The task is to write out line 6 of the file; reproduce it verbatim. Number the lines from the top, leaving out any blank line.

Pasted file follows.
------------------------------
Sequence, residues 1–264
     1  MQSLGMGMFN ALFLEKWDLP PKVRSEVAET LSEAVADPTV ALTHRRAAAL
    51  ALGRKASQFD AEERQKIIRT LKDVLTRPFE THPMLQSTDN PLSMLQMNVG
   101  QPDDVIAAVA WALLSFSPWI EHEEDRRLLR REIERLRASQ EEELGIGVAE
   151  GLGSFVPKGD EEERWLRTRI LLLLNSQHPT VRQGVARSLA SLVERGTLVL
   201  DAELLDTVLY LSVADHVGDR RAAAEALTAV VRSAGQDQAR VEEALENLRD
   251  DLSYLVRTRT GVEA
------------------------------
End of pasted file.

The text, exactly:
   201  DAELLDTVLY LSVADHVGDR RAAAEALTAV VRSAGQDQAR VEEALENLRD